Sexual Disorder

SEXUAL DISORDER

SEXUAL DISORDER

Sexual dysfunction (or sexual malfunction or sexual disorder) is difficulty experienced by an individual or a couple during any stage of a normal sexual activity, including physical pleasure, desire, preference, arousal or orgasm. According to the DSM-5, sexual dysfunction requires a person to feel extreme distress and interpersonal strain for a minimum of 6 months. This Sexual Disorders topic contains information about paraphilias (more commonly known as sexual perversions or deviancies). Please explore our Sexual Problems topic if you are interested in more run-of-the-mill sexual dysfunctions.

Paraphilias are disorders of deviant sexuality. As defined in the Diagnostic and Statistical Manual of Mental Disorders (the clinician’s diagnostic bible), they involve recurrent fantasies, urges or behaviors of a sexual nature that center around children, non-humans (animals, objects, materials) or harming others or one’s self. A sexual problem, or sexual dysfunction, refers to a problem during any phase of the sexual response cycle that prevents the man or couple from experiencing satisfaction from the activity. The sexual response cycle has four phases: excitement, plateau, orgasm, and resolution.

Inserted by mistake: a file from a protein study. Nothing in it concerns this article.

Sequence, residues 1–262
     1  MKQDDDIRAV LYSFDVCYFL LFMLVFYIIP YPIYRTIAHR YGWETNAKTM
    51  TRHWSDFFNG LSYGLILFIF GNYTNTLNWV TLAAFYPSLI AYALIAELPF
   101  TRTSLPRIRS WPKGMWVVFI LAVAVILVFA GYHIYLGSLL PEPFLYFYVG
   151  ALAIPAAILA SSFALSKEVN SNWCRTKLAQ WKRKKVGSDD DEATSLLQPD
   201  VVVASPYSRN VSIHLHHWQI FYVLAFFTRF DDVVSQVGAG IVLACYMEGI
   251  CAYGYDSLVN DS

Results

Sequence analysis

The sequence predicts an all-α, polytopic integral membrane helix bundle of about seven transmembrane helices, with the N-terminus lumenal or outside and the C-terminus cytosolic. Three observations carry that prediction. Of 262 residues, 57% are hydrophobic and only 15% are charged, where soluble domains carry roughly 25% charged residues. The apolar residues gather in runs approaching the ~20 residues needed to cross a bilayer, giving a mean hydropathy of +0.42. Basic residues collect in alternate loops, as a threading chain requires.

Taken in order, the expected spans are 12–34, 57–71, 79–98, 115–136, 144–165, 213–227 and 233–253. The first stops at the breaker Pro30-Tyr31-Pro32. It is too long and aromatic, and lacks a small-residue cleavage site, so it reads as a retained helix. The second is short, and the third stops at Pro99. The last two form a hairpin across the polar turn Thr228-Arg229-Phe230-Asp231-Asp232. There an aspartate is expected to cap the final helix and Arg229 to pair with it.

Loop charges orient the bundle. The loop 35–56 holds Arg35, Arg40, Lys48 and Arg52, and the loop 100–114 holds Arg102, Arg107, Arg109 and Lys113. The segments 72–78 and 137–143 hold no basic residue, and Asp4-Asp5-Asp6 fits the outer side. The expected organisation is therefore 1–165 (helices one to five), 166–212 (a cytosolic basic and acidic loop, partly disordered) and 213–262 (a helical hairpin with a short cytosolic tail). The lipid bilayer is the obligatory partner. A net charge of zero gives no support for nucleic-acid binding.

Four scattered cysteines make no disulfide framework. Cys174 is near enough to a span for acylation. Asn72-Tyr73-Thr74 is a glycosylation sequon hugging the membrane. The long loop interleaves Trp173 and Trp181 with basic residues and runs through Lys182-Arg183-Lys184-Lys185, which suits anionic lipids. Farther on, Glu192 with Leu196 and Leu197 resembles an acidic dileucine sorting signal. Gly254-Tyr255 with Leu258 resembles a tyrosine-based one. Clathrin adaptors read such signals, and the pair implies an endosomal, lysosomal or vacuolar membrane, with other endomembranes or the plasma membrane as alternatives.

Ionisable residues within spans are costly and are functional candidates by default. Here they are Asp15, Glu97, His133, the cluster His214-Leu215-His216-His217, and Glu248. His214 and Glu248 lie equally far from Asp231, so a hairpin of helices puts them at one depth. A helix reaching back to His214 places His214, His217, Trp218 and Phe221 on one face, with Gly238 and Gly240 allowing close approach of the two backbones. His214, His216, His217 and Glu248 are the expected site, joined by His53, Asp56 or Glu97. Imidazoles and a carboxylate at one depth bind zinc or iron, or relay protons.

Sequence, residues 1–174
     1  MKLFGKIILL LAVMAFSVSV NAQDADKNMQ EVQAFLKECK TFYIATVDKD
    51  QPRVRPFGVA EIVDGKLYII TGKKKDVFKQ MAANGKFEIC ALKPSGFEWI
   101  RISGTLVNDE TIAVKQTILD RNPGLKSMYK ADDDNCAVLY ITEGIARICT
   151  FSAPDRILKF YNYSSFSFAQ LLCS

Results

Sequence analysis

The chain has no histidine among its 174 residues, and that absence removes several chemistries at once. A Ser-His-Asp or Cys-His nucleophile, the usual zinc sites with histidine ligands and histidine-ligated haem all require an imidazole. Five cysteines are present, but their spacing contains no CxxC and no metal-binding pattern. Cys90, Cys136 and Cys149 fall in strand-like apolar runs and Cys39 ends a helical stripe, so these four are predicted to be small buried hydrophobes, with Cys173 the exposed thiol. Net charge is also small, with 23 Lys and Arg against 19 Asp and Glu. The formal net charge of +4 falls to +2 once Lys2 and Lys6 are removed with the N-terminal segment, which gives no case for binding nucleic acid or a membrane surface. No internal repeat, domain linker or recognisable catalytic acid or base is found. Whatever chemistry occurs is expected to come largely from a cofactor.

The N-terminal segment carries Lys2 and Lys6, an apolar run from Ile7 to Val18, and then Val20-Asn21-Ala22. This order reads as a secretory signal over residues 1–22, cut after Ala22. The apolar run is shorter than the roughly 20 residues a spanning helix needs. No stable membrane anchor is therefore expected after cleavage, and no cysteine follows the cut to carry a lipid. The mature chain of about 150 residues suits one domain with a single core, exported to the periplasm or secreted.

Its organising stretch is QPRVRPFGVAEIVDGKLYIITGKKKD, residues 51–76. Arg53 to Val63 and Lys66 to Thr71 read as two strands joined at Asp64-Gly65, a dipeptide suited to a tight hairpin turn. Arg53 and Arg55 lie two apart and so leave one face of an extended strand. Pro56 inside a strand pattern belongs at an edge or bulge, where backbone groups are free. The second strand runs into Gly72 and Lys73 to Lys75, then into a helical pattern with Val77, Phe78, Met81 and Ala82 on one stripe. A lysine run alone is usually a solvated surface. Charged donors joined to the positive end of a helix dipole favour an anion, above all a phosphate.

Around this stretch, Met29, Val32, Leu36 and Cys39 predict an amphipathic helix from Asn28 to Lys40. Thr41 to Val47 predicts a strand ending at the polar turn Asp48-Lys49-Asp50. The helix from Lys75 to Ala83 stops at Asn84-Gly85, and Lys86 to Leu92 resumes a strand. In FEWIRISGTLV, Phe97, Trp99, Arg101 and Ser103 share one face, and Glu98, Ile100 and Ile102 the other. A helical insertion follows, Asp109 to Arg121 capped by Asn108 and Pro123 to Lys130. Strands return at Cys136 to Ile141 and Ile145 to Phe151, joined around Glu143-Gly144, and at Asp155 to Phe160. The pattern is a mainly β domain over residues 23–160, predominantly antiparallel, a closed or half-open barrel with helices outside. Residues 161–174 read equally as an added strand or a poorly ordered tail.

While research suggests that sexual dysfunction is common (43% of women and 31% of men report some degree of difficulty), it is a topic that many people are hesitant to discuss. Fortunately, most cases of sexual dysfunction are treatable, so it is important to share your concerns with your partner and doctor.

What Causes Male Sexual Problems?

Sexual dysfunction in men can be a result of a physical or psychological problem.

Physical causes: Many physical and medical conditions can cause problems with sexual function. These conditions include diabetes, heart and vascular (blood vessel) disease, neurological disorders, hormonal imbalances, chronic diseases such as kidney or liver failure, and alcoholism and drug abuse. In addition, the side effects of certain medications, including some antidepressant drugs, can affect sexual desire and function.

Psychological causes: These include work-related stress and anxiety, concern about sexual performance, marital or relationship problems, depression, feelings of guilt, and the effects of a past sexual trauma.

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